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Andreas Phalt Posted - 02/01/2007 : 17:33:40
I'm teaching a false beginners class and am trying to get them involved in community activities in their areas, because I feel that this will be helpful to them in many ways.

As far as I am aware, the students tend to stay within their own language and ethnic groups when not in class, and have very little contact with the broader community.

Many would like to find work, but they realise that they need to improve their English language skills first. However, they do not seem to be interested in any kind of voluntary work, which would be very beneficial to them in terms of language acquisition and work experience/references.

Any ideas on how to get people at this level to break out into the wider community?
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elaine Posted - 11/12/2007 : 20:37:50
i agree with the previous answer.You could also try and bring them out.. for example plan a day trip where they will have to interact.. planning the words they will use before you go.. you could also try learning words for a film and taking them to see a specific film which they choose.this will involve them in reading (reviews) and learning new words. it can be an exciting time as they practice asking for popcorn etc..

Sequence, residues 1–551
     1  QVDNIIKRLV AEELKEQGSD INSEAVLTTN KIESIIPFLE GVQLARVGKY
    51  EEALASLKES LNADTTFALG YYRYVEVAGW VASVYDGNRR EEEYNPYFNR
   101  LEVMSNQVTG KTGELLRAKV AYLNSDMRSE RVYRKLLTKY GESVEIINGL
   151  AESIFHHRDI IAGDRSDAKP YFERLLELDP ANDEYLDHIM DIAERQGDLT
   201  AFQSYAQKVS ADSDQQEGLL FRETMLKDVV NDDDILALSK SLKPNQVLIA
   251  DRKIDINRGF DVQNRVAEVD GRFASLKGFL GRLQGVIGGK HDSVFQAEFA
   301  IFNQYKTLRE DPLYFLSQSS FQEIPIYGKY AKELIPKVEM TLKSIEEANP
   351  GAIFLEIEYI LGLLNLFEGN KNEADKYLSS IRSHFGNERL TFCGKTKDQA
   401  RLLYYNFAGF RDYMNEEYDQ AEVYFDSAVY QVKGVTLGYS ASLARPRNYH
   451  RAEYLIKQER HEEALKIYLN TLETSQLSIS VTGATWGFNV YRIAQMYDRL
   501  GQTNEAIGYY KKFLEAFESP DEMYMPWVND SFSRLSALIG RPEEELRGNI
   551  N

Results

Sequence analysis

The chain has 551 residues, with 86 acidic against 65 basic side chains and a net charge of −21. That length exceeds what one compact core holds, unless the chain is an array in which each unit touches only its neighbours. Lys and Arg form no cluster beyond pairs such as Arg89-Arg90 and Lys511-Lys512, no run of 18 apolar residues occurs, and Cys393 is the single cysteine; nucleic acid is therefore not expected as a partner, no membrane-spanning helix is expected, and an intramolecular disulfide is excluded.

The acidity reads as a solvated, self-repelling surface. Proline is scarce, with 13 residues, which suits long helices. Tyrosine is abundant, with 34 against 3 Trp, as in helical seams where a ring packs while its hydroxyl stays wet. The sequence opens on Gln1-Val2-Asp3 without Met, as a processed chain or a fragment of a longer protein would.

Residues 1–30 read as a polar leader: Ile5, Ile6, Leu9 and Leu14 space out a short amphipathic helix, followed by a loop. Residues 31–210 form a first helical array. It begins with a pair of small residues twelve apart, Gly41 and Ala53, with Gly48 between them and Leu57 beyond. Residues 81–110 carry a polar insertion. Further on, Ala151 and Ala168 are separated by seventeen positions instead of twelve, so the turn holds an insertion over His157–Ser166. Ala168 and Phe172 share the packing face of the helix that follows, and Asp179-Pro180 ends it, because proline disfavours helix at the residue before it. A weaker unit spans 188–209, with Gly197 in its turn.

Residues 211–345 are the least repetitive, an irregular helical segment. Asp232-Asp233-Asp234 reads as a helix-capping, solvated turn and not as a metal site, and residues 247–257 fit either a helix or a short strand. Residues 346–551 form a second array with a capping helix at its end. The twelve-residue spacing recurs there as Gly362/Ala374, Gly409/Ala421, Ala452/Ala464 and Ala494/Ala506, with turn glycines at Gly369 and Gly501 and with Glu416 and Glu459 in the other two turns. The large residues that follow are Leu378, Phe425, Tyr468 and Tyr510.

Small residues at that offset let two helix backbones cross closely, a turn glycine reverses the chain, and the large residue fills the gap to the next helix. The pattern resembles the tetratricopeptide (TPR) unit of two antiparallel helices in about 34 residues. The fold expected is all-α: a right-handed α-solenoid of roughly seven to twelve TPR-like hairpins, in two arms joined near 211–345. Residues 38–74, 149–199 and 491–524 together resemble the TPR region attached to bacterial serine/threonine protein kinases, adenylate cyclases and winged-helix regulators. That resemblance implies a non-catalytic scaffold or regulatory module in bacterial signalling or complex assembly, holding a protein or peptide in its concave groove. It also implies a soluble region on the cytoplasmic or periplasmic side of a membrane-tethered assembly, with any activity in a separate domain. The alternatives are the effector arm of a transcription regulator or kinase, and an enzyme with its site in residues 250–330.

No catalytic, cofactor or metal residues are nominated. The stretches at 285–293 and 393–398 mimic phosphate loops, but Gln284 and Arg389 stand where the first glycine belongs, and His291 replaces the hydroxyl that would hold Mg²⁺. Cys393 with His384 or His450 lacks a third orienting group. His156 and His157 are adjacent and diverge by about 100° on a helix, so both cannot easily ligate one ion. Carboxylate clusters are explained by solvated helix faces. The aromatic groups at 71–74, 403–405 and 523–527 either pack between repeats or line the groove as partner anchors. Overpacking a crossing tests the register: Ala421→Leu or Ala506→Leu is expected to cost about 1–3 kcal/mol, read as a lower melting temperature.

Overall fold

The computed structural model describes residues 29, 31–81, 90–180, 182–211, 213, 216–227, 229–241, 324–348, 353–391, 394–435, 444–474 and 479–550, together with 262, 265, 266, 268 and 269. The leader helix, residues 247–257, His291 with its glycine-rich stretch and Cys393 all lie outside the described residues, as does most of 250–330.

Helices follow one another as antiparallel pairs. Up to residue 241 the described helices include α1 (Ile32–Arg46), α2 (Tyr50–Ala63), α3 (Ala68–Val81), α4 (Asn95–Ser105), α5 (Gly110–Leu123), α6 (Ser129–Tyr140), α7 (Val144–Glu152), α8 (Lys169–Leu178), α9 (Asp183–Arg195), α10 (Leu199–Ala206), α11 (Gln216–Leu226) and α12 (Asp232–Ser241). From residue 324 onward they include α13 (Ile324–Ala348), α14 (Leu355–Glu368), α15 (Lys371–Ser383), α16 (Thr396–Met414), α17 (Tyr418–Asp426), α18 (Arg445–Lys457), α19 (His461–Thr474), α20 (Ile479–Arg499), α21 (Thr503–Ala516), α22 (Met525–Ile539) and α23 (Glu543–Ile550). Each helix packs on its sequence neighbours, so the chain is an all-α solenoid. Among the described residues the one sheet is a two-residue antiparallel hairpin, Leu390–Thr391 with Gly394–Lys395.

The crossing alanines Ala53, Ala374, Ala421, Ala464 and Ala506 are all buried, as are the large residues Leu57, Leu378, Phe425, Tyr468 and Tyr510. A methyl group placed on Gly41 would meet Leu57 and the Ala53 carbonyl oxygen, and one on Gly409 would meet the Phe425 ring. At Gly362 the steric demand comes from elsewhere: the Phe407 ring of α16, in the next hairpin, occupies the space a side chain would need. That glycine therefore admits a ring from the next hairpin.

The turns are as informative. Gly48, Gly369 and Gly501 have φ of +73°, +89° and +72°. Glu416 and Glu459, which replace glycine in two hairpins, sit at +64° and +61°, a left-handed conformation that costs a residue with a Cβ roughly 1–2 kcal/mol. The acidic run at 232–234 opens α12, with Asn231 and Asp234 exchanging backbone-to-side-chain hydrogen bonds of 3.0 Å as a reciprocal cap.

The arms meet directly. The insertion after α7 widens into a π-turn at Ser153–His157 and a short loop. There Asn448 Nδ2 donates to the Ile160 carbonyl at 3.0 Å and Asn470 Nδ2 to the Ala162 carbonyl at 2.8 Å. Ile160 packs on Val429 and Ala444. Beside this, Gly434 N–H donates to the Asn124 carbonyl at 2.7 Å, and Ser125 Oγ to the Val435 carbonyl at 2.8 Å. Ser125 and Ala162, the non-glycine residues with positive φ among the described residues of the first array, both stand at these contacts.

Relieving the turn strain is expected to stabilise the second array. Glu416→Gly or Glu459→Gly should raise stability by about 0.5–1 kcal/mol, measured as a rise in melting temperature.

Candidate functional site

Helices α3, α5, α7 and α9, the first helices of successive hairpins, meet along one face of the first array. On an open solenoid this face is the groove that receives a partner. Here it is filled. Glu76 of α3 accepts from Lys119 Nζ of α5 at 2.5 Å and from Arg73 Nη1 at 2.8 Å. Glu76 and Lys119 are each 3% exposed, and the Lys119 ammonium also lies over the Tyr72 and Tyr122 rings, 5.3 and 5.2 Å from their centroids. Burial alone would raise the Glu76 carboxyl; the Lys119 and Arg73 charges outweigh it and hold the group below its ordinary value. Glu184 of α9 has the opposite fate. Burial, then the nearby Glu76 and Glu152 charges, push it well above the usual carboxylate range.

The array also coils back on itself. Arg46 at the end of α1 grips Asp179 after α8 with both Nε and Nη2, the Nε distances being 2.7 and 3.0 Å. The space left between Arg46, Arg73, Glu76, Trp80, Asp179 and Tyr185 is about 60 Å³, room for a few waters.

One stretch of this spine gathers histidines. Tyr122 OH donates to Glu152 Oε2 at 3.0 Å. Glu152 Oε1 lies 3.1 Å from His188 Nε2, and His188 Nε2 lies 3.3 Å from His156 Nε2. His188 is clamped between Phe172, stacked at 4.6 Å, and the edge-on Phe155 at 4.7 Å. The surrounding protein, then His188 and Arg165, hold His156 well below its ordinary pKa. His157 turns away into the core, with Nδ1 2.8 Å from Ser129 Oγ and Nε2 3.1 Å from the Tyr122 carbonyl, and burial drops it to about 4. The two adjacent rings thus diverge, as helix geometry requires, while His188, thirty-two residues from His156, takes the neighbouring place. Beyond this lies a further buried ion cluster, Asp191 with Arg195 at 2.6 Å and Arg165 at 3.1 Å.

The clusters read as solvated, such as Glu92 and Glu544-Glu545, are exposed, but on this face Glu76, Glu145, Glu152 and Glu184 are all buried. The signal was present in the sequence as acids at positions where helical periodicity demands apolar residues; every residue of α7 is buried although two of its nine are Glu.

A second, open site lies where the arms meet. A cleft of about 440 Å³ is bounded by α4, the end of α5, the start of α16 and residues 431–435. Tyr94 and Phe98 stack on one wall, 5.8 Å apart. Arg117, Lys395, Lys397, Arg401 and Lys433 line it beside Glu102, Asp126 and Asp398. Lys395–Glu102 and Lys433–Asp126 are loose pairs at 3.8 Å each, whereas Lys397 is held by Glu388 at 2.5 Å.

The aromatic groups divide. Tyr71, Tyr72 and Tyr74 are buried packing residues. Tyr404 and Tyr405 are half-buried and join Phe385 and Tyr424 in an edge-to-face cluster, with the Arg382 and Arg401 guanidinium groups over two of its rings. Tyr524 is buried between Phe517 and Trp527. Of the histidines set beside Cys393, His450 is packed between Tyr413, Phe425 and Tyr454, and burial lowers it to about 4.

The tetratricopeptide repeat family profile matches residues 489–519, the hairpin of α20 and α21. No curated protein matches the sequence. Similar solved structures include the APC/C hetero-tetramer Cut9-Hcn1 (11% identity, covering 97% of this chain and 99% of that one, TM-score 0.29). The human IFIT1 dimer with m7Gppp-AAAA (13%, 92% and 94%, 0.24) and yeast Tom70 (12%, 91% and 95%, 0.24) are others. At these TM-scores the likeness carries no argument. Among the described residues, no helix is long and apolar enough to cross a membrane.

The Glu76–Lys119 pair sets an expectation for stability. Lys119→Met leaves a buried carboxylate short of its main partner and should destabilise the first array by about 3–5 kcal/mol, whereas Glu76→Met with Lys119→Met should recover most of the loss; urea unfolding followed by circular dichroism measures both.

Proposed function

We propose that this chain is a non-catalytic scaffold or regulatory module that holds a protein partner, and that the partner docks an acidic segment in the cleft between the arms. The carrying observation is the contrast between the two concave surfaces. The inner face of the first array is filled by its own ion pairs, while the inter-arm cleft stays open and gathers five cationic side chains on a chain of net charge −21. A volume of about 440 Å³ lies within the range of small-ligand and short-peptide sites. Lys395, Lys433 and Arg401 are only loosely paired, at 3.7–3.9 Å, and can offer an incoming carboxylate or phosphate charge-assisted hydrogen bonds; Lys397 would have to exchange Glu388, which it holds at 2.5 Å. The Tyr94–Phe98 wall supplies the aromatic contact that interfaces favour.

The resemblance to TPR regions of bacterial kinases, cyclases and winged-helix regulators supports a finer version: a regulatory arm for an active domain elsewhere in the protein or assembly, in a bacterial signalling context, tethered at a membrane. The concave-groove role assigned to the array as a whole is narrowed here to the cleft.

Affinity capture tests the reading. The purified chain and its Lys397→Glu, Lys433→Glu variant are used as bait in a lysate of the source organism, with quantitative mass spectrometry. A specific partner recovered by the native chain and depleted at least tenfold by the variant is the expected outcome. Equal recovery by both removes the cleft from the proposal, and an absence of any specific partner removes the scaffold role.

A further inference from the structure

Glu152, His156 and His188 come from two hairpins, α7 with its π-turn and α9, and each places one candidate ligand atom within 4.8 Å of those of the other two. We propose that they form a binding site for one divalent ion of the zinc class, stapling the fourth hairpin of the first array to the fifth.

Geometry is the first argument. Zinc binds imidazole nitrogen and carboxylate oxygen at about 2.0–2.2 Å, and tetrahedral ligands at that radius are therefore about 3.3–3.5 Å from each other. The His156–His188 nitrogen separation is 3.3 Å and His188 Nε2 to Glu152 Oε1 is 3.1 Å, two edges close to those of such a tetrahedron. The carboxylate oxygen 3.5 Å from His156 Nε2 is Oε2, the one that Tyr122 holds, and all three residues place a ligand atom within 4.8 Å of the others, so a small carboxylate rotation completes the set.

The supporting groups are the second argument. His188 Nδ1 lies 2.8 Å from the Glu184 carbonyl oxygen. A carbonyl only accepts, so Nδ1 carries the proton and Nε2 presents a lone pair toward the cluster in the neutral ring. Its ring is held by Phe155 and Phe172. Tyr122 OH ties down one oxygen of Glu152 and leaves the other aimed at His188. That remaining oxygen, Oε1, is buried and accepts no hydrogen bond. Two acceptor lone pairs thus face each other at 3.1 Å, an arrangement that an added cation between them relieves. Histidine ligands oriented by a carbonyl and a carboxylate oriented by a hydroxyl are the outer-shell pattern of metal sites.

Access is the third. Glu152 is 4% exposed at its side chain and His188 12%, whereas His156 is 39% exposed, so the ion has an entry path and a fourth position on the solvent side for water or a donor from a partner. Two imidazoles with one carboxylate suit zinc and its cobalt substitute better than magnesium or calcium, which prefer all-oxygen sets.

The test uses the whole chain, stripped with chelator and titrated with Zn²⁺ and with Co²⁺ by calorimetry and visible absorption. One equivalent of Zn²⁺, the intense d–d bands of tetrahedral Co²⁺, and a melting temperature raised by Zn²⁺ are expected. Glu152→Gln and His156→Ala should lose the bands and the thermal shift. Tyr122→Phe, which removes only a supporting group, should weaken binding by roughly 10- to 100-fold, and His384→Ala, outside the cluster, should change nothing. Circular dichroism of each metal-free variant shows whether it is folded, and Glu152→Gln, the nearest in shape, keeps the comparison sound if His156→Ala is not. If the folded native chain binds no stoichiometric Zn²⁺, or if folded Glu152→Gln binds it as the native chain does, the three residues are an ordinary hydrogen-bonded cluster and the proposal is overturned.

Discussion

el by
Emer Posted - 02/01/2007 : 22:07:31
Hi Andreas,

I think it can be quite daunting for learners to start engaging in the local community. This can often be because their only contacts with local people are at an official level. I lived abroad myself for a long time and found it very difficult to 'break in' to the local community.

At lower levels it can be really difficult. One great idea I got from another teacher (thanks, Ciara!) is to bring 'ordinary' people in to visit low level classes for the learners to interview. This is always a great success as the learners are really interested in the lives of Irish people. Learners really appreciate the chance to talk to their 'guests' and this contributes to confidence to talk to people outside class. If you can persuade local friends or family to spare an hour, it is well worth it.

When learners are more confident, the voluntary work option is fantastic - if you can persuade people to do it. I have found that a class outing to a charity shop usually results in a few interested students doing a couple of hours voluntary work a week which really helps them to get to know people. Again, I think teachers can really help by making the first step less daunting.


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